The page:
Sheriff: I understand she was a guest at your ski lodge. I was hoping you could help me identify her.
Tony: I must have seen her somewhere. Maybe I will recognise her when I see her face?
Sheriff: She does not have one!
It was fantastic dialogue like this that introduced me to the wonderful world of horror. The year was 1983, I was 10 years old sitting on the sofa between my parents, and the film in question with the scintillating dialogue was Snowbeast.
Made in 1977, a huge, white Bigfoot type creature begins to terrorise a Colorado Ski Resort during a winter carnival, by eating several skiers. The authorities put it down to bear attacks, but local cop Tony Rill sees a white shadowy beastly shape disappearing into the woods. Obviously nobody believes him, but it soon becomes clear when the creature finally attacks the town. Looking back, the similarities to Spielberg’s 1975 “monster” movie Jaws are obvious.
I can’t remember how I came to be watching this film at the age of ten, I can only assume that my parents didn’t think that a made for TV movie could be that bad.
They were so wrong…
My 10 year old imagination ran riot. In the days of pre CGI-laden movies, home surround sound systems, and low TV production budgets, Snowbeast relied on implied horror, the thought or threat of the beast, without actually showing much of the beast itself. The odd claw, bloody appendage or horrified screaming reaction from itís victims being much more powerful to an innocent child. The actual Snowbeast only appeared fleetingly for a few minutes towards the end, but by then in my mind I was already seeing a terrifying Wampa-like creature – huge, white, big teeth and big claws. If it was monstrous enough to capture Luke Skywalker, what chance did this ski resort have? I mean, there werenít even any lightsabers!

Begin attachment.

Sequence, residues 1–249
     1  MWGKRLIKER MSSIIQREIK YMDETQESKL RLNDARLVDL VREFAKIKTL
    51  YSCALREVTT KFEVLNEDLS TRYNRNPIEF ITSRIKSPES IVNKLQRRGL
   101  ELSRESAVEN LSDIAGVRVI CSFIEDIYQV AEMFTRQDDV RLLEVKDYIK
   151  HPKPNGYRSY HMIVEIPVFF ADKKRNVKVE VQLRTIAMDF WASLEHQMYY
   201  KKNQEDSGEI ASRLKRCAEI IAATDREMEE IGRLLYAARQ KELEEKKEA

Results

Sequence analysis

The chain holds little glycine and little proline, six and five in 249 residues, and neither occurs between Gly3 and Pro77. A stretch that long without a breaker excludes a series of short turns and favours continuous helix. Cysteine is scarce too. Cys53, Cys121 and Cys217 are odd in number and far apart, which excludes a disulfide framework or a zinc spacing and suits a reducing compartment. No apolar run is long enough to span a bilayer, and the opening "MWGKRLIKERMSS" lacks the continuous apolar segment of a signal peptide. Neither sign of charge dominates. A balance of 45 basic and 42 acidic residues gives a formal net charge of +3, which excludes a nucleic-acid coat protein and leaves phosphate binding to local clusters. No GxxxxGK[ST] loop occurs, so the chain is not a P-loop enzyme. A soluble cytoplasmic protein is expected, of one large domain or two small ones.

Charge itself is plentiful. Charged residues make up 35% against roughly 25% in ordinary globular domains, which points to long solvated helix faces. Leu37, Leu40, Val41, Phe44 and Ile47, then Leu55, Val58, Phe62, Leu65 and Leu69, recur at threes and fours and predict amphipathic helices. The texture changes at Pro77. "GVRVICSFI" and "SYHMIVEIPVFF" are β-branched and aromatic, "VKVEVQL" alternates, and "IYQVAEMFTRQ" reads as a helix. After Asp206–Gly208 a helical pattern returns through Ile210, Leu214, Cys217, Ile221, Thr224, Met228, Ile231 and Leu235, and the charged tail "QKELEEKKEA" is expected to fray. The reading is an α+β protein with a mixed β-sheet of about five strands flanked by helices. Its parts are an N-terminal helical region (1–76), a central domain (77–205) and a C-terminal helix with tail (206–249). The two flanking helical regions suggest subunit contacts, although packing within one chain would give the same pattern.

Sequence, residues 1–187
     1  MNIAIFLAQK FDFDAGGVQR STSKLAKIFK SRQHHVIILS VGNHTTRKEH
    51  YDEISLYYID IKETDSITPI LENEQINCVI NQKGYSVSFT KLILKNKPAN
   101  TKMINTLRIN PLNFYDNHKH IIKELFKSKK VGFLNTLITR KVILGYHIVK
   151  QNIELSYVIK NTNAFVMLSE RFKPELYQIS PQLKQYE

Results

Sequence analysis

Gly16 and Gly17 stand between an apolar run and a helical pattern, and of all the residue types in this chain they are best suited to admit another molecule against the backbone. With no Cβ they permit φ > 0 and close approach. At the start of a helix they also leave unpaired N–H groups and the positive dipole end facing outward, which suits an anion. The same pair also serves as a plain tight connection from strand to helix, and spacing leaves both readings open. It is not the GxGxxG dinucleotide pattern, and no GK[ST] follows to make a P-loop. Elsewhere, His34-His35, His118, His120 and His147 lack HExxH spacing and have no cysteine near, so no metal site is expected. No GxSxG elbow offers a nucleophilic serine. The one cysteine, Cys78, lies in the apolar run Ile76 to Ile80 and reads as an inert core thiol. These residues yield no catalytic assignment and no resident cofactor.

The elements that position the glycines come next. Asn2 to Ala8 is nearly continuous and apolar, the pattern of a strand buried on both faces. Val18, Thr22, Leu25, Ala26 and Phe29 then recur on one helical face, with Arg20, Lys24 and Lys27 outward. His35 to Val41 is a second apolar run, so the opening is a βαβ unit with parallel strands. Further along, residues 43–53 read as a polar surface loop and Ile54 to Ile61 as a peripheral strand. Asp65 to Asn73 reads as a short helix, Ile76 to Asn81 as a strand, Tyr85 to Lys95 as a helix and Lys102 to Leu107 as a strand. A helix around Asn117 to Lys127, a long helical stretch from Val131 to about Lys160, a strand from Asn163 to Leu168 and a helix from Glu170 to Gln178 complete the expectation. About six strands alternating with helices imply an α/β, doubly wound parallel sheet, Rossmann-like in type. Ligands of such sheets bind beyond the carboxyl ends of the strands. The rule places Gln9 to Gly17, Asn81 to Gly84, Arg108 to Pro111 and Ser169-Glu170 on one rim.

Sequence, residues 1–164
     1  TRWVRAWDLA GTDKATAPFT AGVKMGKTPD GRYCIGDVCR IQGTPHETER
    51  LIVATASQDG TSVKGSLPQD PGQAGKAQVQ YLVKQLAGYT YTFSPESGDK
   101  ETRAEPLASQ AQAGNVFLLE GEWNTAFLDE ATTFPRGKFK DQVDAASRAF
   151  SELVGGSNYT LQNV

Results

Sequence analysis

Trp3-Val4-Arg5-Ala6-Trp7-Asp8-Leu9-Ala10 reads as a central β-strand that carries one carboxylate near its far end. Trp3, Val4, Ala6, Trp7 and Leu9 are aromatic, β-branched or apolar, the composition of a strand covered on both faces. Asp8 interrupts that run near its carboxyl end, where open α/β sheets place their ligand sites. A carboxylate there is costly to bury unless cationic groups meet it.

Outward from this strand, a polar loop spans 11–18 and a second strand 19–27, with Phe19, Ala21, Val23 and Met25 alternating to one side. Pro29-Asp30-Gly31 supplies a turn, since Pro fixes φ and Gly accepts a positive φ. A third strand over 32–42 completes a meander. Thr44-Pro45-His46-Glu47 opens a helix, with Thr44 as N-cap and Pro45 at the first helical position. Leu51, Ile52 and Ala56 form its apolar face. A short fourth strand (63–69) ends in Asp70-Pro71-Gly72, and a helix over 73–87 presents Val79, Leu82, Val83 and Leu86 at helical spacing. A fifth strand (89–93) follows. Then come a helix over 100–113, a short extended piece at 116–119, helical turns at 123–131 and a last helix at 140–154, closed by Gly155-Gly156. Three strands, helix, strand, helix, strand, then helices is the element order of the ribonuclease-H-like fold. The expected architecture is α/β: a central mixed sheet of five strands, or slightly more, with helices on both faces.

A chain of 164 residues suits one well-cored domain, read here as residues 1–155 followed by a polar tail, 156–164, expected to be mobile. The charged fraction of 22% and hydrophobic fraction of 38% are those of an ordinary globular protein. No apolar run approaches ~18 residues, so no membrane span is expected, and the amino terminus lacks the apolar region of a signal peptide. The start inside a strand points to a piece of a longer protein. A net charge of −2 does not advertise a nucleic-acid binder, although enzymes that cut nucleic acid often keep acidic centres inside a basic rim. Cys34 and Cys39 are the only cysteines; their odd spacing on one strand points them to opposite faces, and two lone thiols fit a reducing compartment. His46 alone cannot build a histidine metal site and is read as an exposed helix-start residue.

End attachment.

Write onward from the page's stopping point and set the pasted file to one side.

Jaws had successfully applied the same implied technique previously, with the threat of the shark being more terrifying than the shark itself. However, this was down to technical reasons rather than initial design. The shark, or Bruce, was constantly malfunctioning during production, pushing Spielberg to think outside of his original premise and resulted in probably one of the greatest horror movies ever made.
The Snowbeast went on to become a major character in my nightmares. Whether its face appearing at my bedroom window late at night, or a bloody claw reaching out to me from under the duvet, nothing had had such a horrific effect on me before. The heavy snowfall that Winter didn’t help matters either!
Youíll be glad to hear that the nightmares didnít last long. The terror soon turned to triumph as I was joined in my dreams by pirates, Buck Rogers (without Twikki) and Luke Skywalker, and whilst the Snowbeast always put up a valiant fight, he was always vanquished. In fact, Snowbeast was the last of my major monster nightmares. Dracula, Frankenstein’s monster, the werewolf and many others all appeared regularly in my dreams, but against my army, none of them survived as long as the big, white, hairy, scary Snowbeast.
On reflection, Snowbeast is not a great horror movie by any means. It would probably appear in the bargain bin if still in print. But you know what? If I saw it I’d buy it in a flash, if only to try to relive that innocent terror once again!